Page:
Acute Vestibular Deficit (AVD)
Acute vestibular deficit, also referred to as vestibular neuritis, is the sudden functional deficit or loss of one or both peripheral vestibular systems.
It can be considered an idiopathic clinical condition; however, a possible viral aetiology seems to play a role. Not infrequent are the detection of neurodegenerative lesions of the vestibular nerve and of the receptor neuroepithelium.
Many studies have shown the possible implication of Herpes Type 1 virus, with the identification of its DNA in the vestibular ganglia. For this reason, it is probable that the virus is latent in the vestibular ganglia, from where it can later become active following concomitant events, such as immune alterations due to acute pathological phenomena, or from concomitant chronic pathologies (e.g., diabetes, autoimmune diseases, rheumatological diseases).
Other viruses that could be implicated in the onset of AVD seem to be those belonging to the Torch complex, adenoviruses, and influenza viruses.
In the aetiology of AVD, however, there is space for the hypothesis of ischemic lesions, especially in the region supplied by the superior vestibular artery. This region corresponds to the utricle and lateral and anterior semicircular canals, which in turn are innervated by the superior vestibular nerve, which in turn is much more frequently affected by AVD than the inferior vestibular nerve.
The vascular cause is accompanied by predisposing or aggravating conditions, such as obesity, hypercholesterolemia, hyperhomocysteinemia, hypofolatemia, diabetes, arterial hypertension, autoimmune diseases, pre-existent central ischemic episodes.
Often AVD is preceded by flu or parainfluenza episodes, and not rare is the consequent positional vertigo due to BPPV overlap, referred to as Lindsay-Hemenway Syndrome, and therefore a lithiasis affecting the posterior semicircular canal, present in 10-20% of AVDs. Equally frequent is the onset as a complication of PPPD (Persistent Postural Perceptual Dizziness). AVD is to be considered as the third most frequent pathology of the vestibular area. There is no side or gender prevalence, with mean age of onset between 30 and 65 years.
The symptoms are characterized by:
- Acute / sudden onset of rotary vertigo accompanied by a perception of movement of the surrounding environment, which can be classified as oscillopsia
- Severe static and dynamic dizziness when the patient, especially during the initial 24 hours, is absolutely unable to walk and / or maintain an upright position
- The vertigo can disappear in a few days; however, a severe, persistent, and irreversible dizziness remains if not treated adequately both pharmacologically and in vestibular rehabilitation therapy.
The vestibular analysis is characterized by the presence of a violent horizontal-rotary nystagmus, and the presence of a torsional component in the acute phase, with a rapid phase directed towards the unaffected side. Moreover, the Halmagyi test is positive, with a compensatory saccade facing the healthy side, indicating a dynamic deficit of the VOR (Vestibulo ocular reflex).
Within about thirty days, the nystagmus can be reduced until it disappears completely. Later, however, a nystagmus beating towards the affected side may appear, which we refer to as RECOVERY NYSTAGMUS. When the spontaneous nystagmus disappears, it is very useful to carry out a Head Shaking Test, always under videonystagmoscopy observation, which leads to the onset of a rotary nystagmus towards the unaffected side.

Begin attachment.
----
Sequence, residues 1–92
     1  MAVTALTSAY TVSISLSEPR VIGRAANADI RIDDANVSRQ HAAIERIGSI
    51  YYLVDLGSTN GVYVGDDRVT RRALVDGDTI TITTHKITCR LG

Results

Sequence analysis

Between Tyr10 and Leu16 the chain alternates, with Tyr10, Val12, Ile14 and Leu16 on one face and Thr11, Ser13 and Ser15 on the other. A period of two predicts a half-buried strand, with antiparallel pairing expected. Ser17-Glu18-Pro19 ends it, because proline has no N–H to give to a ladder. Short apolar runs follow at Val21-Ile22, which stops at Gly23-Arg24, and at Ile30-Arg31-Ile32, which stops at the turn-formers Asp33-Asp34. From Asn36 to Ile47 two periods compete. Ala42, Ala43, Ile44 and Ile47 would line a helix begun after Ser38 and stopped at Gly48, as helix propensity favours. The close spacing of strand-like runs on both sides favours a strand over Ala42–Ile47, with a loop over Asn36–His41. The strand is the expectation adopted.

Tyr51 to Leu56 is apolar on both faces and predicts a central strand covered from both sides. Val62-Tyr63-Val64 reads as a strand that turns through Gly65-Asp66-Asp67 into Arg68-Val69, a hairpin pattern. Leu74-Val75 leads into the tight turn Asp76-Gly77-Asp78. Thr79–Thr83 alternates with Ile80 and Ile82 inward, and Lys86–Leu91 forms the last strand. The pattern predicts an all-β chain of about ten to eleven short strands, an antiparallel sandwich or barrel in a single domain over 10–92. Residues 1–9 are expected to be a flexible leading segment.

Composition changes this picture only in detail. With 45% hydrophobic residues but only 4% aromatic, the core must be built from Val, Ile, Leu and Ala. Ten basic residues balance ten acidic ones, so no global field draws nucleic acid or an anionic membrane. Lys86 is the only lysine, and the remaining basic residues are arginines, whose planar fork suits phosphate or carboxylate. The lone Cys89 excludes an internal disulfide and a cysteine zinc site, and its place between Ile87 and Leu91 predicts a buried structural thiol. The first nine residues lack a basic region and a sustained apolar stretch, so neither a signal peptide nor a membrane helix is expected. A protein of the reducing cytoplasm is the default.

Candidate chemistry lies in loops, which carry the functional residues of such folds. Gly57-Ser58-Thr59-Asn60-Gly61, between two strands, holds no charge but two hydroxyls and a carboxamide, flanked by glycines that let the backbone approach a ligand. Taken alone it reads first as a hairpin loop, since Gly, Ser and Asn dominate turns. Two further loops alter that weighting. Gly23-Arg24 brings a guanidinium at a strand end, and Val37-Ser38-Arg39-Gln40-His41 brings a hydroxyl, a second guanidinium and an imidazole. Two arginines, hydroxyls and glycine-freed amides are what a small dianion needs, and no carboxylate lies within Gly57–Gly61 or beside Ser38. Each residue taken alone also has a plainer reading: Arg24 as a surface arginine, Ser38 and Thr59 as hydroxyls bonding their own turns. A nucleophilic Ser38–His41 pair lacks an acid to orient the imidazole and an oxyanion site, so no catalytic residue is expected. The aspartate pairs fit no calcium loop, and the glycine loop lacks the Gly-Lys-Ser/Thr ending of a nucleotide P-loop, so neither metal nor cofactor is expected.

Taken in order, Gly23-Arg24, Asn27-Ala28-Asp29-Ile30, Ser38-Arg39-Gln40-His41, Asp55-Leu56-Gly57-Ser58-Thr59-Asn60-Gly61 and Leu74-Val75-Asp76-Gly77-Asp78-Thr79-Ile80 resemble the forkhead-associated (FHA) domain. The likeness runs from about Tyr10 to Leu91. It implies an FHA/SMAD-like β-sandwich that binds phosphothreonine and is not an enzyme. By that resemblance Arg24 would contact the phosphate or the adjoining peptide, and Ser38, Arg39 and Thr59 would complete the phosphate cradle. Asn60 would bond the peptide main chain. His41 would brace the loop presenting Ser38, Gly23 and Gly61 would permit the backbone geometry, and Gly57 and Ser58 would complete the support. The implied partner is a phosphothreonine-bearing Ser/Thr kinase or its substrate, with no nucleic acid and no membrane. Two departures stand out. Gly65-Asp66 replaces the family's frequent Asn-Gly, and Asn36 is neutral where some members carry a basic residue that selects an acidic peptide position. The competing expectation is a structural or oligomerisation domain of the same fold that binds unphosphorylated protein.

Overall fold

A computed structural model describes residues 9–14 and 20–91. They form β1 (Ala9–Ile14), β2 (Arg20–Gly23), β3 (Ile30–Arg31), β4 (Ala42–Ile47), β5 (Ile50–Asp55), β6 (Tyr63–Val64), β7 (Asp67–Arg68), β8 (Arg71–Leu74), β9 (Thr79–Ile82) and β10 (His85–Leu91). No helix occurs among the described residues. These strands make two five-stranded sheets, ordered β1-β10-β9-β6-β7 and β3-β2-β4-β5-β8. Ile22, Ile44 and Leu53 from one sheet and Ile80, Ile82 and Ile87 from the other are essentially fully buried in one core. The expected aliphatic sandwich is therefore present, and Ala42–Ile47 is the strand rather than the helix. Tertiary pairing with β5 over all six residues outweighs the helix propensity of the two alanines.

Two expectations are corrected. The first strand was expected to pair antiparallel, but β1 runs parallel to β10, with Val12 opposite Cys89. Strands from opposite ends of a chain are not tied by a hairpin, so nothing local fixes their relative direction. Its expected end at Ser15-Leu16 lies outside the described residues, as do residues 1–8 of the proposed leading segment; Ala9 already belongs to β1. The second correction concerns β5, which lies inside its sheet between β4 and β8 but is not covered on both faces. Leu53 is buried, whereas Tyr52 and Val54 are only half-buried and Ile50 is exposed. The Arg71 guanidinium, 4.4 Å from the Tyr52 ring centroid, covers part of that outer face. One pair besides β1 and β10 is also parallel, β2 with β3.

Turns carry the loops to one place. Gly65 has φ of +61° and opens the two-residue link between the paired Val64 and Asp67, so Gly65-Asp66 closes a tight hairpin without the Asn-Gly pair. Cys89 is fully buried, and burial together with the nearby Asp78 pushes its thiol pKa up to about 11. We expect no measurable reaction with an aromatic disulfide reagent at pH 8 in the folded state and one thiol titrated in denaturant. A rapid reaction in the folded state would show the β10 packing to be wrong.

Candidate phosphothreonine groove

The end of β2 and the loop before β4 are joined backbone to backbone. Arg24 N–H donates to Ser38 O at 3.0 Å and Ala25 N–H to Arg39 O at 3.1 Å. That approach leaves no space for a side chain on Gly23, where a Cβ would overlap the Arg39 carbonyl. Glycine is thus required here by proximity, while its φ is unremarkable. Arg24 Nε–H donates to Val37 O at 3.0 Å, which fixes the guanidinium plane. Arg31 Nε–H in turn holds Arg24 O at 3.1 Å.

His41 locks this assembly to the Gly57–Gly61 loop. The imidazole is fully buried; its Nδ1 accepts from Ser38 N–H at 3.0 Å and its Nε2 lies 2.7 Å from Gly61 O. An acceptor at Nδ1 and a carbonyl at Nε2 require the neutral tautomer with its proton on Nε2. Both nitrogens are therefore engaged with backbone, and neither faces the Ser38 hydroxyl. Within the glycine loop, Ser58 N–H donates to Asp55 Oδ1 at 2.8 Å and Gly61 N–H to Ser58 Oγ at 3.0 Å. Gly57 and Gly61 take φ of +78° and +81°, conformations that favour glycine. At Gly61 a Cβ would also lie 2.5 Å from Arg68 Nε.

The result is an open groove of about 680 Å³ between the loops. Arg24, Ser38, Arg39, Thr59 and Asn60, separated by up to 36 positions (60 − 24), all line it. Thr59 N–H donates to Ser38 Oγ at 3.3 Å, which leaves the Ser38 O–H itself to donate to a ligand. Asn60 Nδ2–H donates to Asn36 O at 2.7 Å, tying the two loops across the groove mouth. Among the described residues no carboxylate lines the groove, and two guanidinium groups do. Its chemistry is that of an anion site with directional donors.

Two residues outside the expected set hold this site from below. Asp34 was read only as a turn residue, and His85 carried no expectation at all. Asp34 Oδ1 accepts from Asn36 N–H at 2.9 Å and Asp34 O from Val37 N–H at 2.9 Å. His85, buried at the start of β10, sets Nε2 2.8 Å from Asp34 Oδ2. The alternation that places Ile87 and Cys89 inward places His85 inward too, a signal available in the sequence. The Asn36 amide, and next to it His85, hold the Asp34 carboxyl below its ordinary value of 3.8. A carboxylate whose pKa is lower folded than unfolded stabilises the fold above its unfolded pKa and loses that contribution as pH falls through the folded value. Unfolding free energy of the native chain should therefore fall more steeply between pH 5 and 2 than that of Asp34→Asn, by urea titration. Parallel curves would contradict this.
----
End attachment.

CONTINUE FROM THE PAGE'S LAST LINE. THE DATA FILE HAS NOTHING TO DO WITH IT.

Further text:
Similarly, the mastoid vibration test also generally induces the onset of a rotary nystagmus directed towards the unaffected side. In AVD, VEMPS are absent or pathologically reduced in amplitude. The patient with AVD undergoing FHIT almost always shows a severe perceptual deficit on the pathological side, both in the darkened background test and in the rotary one, where the worsening of the clinical data is not uncommon. With VHIT there is generally a large de-structuring of the path due to the VOR deficit of the pathological side. Therefore, a deficit in the dynamic gain of the VOR is present.
In summary, the clinical and symptomatic characteristics of AVD are characterized by:
• Acute and sudden onset of vertiginous syndrome of severe intensity with the patient’s severe inability to maintain an upright position and posture in general, with the consequent walking impossibility.
• Intense autonomic symptoms with nausea, sweating, paleness, asthenia, sialorrhea, including the possible relaxation of the sphincter.
• Presence in videonystagmoscopy of intense horizontal rotary nystagmus with torsional component, beating towards the unaffected side, which can persist beyond 24 hours.
• Positive HIT towards the pathological side.
• Normal audio impedance measurement with no morphological or inflammatory lesions affecting the tympanic membrane and external auditory canal.
• Residual dizziness, even severe, following the acute phase, a condition which requires prompt rehabilitation / vestibular rehabilitation, instrumental and otherwise.
• After about 30 days, the previous nystagmus may have disappeared, and is often replaced by a less intense rotary and horizontal nystagmus, beating towards the pathological side.
• It is useful to perform a hyperventilation test in the patient under videonystagmoscopic observation which can induce the arrest of the spontaneous nystagmus and the possible appearance of a short-lasting nystagmus beating towards the pathological side.
• The patient with AVD generally has no concomitant neurological signs.
• The patient with AVD requires repeated and close checks, even and above all in the absence or with the attenuation of acute symptoms, up to the point of carrying out vestibular rehabilitation.
• PPPD is a frequent complication.